Image: 410ga_shells_2

With tight patterns and lighter payloads, a red-dot scope will help keep you on target. Image by Michael Pendley

I didn’t bother counting number of hits in the turkey vital target, but instead flipped the targets over and traced the circle around the densest part of each pattern. I would be 100% confident with any of the tested loads out to 30 yards and even beyond with a few of them. Will your gun pattern each load the same as mine? Probably not. The only way to know what works best is to pattern multiple loads through your gun and choke combination.

***Don’t Miss: *THE BEST 20-GAUGE TURKEY LOADS OF 2024


Federal Premium TSS

No. 9 shot

1,100 FPS

13/16-ounce payload

Hits in circle: 169

One of the most popular and readily available brands of turkey loads the past several years, Federal Premium offers a .410 load of No. 9 shot with a roll crimp and full-length wad for dense, consistent patterns.

Image: 410ga_shells_10

The Federal Premium TSS No. 9 averaged 169 hits in a 9-inch circle. Image by Michael Pendley

Remington Premier TSS

No. 9 shot

1,100 FPS

13/16-ounce payload

Hits in circle: 146

Big Green’s entry into the .410 TSS turkey load game is the Premier TSS. This one is packed with 13/16 ounce (about 220 pellets) of No. 9 shot, and Remington says each load is tuned for maximum pattern density.

Image: 410ga_shells_9

The Remington Premier TSS No. 9 averaged 146 hits in a 9-inch circle. Image by Michael Pendley

Hevi-18 Turkey

No. 9 shot

1,090 FPS

13/16-ounce payload

Hits in circle: 135

Hevi Shot was the pioneer of heavier-than-lead tungsten shot, and the company put that experience to work with its Hevi-18 .410 load. With a crimp-seal resin that resists damage and holds buffer in the shells, these shells are made to pattern tightly.

Image: 410ga_shells_7

Heavy-18 Turkey No. 9 averaged 135 hits in a 9-inch circle. Image by Michael Pendley

Browning TSS Tungsten Turkey

No. 9 shot

1,100 FPS

13/16-ounce payload

Hits in circle: 183

Browning says its .410 turkey loads feature a buffered payload that improves shot flow through choke tubes for tight, consistent patterns. It came in second overall for the test in total number of hits in a 9-inch circle out of all the loads tested, and first among the No. 9 loads.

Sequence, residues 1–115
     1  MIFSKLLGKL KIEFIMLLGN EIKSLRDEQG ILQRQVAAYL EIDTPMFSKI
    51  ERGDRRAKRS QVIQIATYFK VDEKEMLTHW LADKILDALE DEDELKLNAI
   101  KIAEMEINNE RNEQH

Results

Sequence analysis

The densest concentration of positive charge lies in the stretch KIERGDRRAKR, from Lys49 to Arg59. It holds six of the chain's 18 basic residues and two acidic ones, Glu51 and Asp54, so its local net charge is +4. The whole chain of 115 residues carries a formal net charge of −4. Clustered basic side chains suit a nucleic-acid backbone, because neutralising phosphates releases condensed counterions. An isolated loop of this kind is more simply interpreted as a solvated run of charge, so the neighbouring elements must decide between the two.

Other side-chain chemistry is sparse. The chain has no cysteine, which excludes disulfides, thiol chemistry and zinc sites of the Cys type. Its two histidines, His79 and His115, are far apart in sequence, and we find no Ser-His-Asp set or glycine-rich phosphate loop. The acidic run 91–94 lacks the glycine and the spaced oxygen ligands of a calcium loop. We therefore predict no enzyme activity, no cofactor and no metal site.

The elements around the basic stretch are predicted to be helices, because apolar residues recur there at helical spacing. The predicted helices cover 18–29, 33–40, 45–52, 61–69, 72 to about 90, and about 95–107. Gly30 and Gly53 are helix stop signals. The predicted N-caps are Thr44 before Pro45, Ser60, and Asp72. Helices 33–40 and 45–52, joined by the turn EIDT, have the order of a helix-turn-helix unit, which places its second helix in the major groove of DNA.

Image: 410ga_shells_8

Browning’s TSS Tungsten Turkey put a whopping 183 No. 9 shot in a 9-inch circle. Image by Michael Pendley


No. 10 and No. 9 shot sizes

1,050 FPS

⅞-ounce payload

Hits in circle: 207 (No. 10) and 137 (No. 9)

BOSS Tom out of Michigan sells directly to consumers and hand-assembles each load. It was the only shell tested to offer a No. 10 load along with the more common No. 9. It had the largest payload of any of the shells we tested by 1/16 ounce. The No. 10 load packs a whopping 460 pellets, and it showed on the target with the densest pattern of the test.

Image: 410ga_shells_6

The BOSS No. 10 shot load produced the densest pattern of the test. Image by Michael Pendley

Winchester Double X Diamond Turkey

No. 7.5 lead

1,100 FPS

¾-ounce payload

Hits in circle: 78

Although the other loads tested featured TSS shot, they also will set you back $5 to $8 per trigger pull. Want to hunt with a .410 but not spend that much money? Winchester has you covered. It offers the Double X Diamond Turkey loaded with No. 7.5 lead shot. Copper-plated and blended with 8% antimony to produce denser, harder hitting shot, these loads will work if you do your part. Because the small lead shot loses downrange energy at a much faster rate than the denser TSS loads in the test, my personal belief is that this is a 25-yard-and-closer load. If you are patient enough to get a gobbler that close, these shells should do the job.

Image: 410ga_shells_5

The only non-TSS shell in the test, the Winchester Double X Diamond will do the job if you are patient enough to get a tom in super close. Image by Michael Pendley

Will a .410, even one loaded with TSS shot, kill a turkey from as far away as a 12-gauge or a TSS-loaded 20, with as much margin for error on a slightly misplaced shot? Maybe not. But these loads prove that for hunters who are patient enough to get a bird to about 30 yards or so, they are more than up to the challenge. If you are ready to put down that big, heavy magnum shotgun and pick up a featherweight .410 that won’t make you wonder whether it’s your head or shoulder that hurts more after every shot, one of these loads will be the perfect fit.

Exit off-canvas